altThe Raw Milk Revolution:  Behind America's Emerging Battle Over Food Rights, by David E. Gumpert (Chelsea Green Publishing, White River Junction, Vermont, 2009)

That the forward to The Raw Milk Revolution was written by Joel Salatin—whose Polyface Farms is the poster child for independent, sustainable farming—gives the reader a good idea of where the book ends up.  That's a lot more than the author knew when he began his investigation.  He was over 50 when he had his first glass of raw milk, and hadn't given milk of any form much thought for some 30 years.

But for a writer with interests in both small businesses and health, the growing demand for unpasteurized, unhomogenized milk—and the increasing governmental interference with the small dairy farms that are its only source—was a natural field to investigate.

I had my first glass of raw milk at lunch, with a homemade chocolate chip cookie....  Suddenly I was back in my childhood, with my all-time favorite snack.  The milk was as creamy and rich tasting as it looked, with a slight sweetness I didn't recall from my childhood milk. ... But I'd be lying if I didn't admit that overhanging the experience was an anxiety-laden question provoked by my American history classes highlighting the importance of pasteurization in saving lives:  Might this wonderful milk kill me?  I actually went to sleep wondering whether I'd wake up. ... Of course, there was no bad reaction of any sort, and I became a regular customer.

Gumpert is lucky.  The places one can legally purchase raw milk are few.  In Switzerland Janet lives an easy walk from a local dairy, where she can buy all she wants at a good price.  Pennsylvania is one of the few states in the U.S. where raw milk is legal, and Heather can get some for the cost of a long drive and a lot more money than the grocery store charges for their agri-business milk.  In Florida we can't buy it legally at any price, except as (very expensive) pet milk, "not for human consumption."

In most places one can still drink the milk from one's own cows (though even that right is in danger), and some farmers have set up "cow share" programs in which the customers actually own a share of the cow and are thus entitled to a percentage of her milk; the farmer's role is caretaker, not owner.  This neat little device reminds me of the old days of homeschooling, where families would incorporate as private schools and thus satisfy the law requiring either public or private schooling.  The legality of that arrangement for homeschoolers was in many cases questioned, and such is now the case with raw milk cow shares.  Worse, really, because education is still very much a local and state concern, but the federal government is putting its muscle behind the campaign against raw milk.

Gumpert does a good job of analyzing the supposed risks versus the supposed benefits of raw milk, while exposing the strong-arm tactics and illogical reasoning being used against small dairies.  He has clearly become a raw milk devotee; however, his concern is not simply about milk, but about similar threats to small farmers and the local/natural/sustainable agriculture movement in general.

A month ago, CNN published an article which used the completely unrelated E. coli outbreak in Europe to call for a total ban on raw milk and juiceThe Raw Milk Revolution is an excellent refutation of the scare tactics.  But here's an interesting quote from the article:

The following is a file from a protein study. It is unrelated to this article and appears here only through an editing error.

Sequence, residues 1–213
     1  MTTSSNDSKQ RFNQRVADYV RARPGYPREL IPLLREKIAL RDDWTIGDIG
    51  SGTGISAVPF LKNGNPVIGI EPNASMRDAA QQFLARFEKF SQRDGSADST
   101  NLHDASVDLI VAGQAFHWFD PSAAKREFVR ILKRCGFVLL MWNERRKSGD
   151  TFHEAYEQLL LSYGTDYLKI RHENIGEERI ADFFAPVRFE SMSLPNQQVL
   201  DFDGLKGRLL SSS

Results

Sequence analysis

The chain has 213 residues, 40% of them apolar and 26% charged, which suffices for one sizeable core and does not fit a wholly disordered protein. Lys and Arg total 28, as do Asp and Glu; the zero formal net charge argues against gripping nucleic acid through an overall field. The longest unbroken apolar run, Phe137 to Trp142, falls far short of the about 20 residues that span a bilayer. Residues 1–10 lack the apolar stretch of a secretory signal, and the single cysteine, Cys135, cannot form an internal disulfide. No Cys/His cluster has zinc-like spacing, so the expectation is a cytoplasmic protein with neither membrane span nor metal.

Consuming a diet loaded with fat and salt is unhealthy, but the government has no business regulating that. Raw milk, however, is different.

Really?  Why?  How is raw milk different?  Well, for one thing, the risks associated with raw milk are probably less than the risks of the kind of diet he would keep far away from governmental regulation (as would I).  Even if you exclude the long-term, less-quantifiable risks of heart disease, a study reported in The Raw Milk Revolution showed that for listeria, a disease of concern with raw milk, the per-serving risk is ten times greater with deli meat.  I don't hear anyone calling for a ban on Subway.  (Nor would I; it's my second-favorite fast food restaurant, after Chick-Fil-A.)

I'm not saying the government doesn't have an important role when it comes to food safety.  Inspection and certification can provide necessary information that consumers don't always have access to on their own.  I'm in favor of state certification of dairies for raw milk—as long as the requirements are reasonable and take into account the great differences between small-scale production and factory farming.  (Full disclosure:  my great-grandfather, Willis Langdon (1854-1932), was one of the first dairy farmers in the State of Washington to offer certified milk to his customers.)

If you wonder why raw milk enthusiasts are so passionate about the issue, or if you'd like to try raw milk but, like the author at the beginning of his quest, wonder if it will kill you in your sleep, or if you're even thinking about supporting a ban on unpasteurized foods, The Raw Milk Revolution is a great resource for intelligent decision-making.

Posted by sursumcorda on Sunday, July 10, 2011 at 5:11 pm | Edit
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And anyone who wants to try raw milk is welcome to come visit us in Switzerland! I love waving to the friendly farmers as I pass by on my runs with Joseph or when I come to fill up our milk pail. It might be lonely here so far from family, but there are some great advantages to living in Europe! Hurray for local raw milk!



Posted by IrishOboe on Monday, July 11, 2011 at 10:28 am

The Front Porch Republic weighs in with this somewhat curmudgeonly, but interesting, article.



Posted by SursumCorda on Monday, July 18, 2011 at 12:03 pm